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This course considers the fundamental and recurrent problems in civil actions largely through the rounded study of the conduct of a single modern system of procedure that is embodied in the Federal Rules of Civil Procedure. In the first stage, the student surveys the phases of litigation under this system from commencement of action through disposition on appeal; the survey is intended to convey elementary information, to propound various questions, which are more deeply studied during the rest of the course, and to exhibit the distinctive characteristics of Anglo-American civil procedure.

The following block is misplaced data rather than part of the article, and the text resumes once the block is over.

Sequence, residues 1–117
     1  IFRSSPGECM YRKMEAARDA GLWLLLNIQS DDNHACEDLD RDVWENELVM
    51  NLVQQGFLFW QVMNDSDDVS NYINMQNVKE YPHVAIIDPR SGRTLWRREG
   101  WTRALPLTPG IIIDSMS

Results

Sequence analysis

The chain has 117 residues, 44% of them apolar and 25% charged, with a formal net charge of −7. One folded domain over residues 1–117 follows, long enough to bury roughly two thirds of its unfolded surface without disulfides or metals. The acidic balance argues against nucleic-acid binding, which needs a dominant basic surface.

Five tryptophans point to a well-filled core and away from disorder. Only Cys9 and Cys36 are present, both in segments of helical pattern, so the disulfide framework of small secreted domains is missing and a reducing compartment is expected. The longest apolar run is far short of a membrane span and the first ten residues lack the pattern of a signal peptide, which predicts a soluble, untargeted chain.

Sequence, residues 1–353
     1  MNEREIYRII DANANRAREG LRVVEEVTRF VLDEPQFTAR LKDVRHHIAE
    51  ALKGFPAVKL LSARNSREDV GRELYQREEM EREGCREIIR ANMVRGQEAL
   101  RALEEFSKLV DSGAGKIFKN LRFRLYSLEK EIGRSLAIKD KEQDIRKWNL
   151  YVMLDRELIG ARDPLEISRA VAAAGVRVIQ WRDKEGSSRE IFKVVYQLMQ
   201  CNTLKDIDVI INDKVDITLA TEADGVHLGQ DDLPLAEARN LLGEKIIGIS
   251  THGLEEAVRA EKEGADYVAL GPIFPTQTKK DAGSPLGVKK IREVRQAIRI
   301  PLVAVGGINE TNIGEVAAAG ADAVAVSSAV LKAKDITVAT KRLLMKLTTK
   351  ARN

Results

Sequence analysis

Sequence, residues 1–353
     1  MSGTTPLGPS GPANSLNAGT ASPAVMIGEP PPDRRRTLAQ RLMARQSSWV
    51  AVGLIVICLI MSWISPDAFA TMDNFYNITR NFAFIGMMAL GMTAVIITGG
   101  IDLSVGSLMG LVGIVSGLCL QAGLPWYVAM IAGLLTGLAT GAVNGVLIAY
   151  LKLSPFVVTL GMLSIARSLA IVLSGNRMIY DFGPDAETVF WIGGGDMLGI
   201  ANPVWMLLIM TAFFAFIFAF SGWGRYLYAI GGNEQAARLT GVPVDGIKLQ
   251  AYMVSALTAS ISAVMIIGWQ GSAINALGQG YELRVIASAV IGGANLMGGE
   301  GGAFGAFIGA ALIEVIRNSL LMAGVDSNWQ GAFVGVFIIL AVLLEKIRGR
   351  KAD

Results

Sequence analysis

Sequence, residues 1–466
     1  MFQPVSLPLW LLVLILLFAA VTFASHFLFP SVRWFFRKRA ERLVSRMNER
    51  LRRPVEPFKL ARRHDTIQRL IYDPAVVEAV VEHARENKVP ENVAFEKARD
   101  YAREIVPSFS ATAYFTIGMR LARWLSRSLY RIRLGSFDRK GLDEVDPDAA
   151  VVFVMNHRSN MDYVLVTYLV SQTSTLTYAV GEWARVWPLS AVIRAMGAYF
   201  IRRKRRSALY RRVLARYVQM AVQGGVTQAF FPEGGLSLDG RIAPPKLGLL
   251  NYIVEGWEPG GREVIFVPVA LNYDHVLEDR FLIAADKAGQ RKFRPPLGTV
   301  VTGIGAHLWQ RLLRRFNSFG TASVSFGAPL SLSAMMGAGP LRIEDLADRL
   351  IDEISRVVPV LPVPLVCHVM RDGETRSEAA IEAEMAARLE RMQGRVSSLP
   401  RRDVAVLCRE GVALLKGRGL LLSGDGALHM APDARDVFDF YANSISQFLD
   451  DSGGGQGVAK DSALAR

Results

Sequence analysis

The following subjects are then dealt with in more detail: evolution of the unitary civil action; pleadings, discovery and other pretrial devices including alternative dispute resolution; trial; jurisdiction of courts; and former adjudication. Equity jurisdiction is sketched in connection with the historical evolution of the unitary civil action, and there is some instruction in the rules of evidence in relation to the principal aspects of the trial. The division of business between federal and state courts claims attention, as does the enforcement of state law in federal courts and federal law in state courts. Contemporary developments with respect to parties, class actions and injunctive relief are also introduced.
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